A great talent and a great human being moved on to somewhere else this past Thursday. We knew this day would come eventually, yet B.B. King’s passing nonetheless leaves a huge hole in our hearts.
You could pick out dozens, hundreds, perhaps even thousands of memorable performances (the man toured almost constantly, playing more than 300 dates a year into his 80s), and I wouldn’t even try to pick out The One. I first heard his music when I bought his 1970 album, “Indianola, Mississippi Seeds,” his 18th studio album, and even today, all I need to do is hear that aching piano (that’s him playing) that opens the album with “Nobody Loves Me But My Mother,” or the swelling strings swinging into “Ain’t Gonna Worry My Life Anymore” and I can feel my spirit lift.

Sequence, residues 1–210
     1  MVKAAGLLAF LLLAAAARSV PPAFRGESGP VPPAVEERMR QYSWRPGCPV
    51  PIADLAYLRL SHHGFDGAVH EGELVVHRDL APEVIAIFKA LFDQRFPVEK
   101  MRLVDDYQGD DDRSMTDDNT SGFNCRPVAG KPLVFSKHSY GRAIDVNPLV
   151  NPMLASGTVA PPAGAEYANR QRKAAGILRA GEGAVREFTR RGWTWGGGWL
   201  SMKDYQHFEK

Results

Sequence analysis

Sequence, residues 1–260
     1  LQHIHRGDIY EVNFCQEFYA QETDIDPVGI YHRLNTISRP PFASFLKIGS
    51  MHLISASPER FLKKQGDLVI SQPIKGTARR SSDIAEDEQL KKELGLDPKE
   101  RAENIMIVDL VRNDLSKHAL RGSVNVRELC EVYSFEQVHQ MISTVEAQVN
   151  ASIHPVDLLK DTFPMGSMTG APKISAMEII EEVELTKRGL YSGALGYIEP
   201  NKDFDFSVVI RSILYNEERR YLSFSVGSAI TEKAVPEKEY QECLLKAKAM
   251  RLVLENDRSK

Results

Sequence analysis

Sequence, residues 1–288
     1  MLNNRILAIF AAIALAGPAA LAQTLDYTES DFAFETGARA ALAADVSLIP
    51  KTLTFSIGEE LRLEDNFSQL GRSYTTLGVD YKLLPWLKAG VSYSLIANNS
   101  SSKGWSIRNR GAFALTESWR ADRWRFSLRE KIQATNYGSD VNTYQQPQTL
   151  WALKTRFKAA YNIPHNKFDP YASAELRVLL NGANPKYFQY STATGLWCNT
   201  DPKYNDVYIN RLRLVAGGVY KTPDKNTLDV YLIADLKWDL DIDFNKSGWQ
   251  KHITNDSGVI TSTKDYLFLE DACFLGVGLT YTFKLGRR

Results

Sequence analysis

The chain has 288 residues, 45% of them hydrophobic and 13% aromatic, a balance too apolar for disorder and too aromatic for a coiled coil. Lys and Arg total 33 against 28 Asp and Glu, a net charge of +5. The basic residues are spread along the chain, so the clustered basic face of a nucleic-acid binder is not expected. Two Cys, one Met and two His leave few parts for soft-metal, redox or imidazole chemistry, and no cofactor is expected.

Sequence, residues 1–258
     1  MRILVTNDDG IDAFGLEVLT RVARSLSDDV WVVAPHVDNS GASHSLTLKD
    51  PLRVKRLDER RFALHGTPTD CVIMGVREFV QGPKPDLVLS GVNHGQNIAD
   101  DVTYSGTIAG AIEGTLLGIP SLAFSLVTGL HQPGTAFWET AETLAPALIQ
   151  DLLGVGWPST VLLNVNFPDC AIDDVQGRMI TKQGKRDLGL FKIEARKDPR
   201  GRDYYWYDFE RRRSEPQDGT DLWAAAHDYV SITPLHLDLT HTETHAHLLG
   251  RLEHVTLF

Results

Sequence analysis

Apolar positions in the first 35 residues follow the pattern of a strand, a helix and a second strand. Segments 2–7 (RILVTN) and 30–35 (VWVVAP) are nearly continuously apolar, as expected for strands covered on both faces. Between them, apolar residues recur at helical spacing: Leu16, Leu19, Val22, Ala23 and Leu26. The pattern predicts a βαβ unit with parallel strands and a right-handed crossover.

His playing could be fiery or sweet or bone-chillingly sad, and it was unfailingly brilliant. You could hear songs like his signature tune “How Blue Can You Get” over and over and they would never sound like he was going through the motions.
I only heard him live a couple of times, but I did get the chance to interview him for my radio program back in 1981 when he came to Burlington, Vt. He played the Flynn theater, and we talked a little before the show. He was every inch a gentleman and quite funny. Later, he led us around the corner to Hunt’s, the legendary Burlington music club, where he walked in around midnight and took the stage next to Big Joe Burrell, who had been one of his sidemen. What a night.
There are touching eulogies all over. Here are a few:
And an interview on PBS:
For myself, I will just recommend listening to the album he thought was his most significant artistic achievement:
Love, Peace, and Deepest Thanks for all you gave us, Mr. King.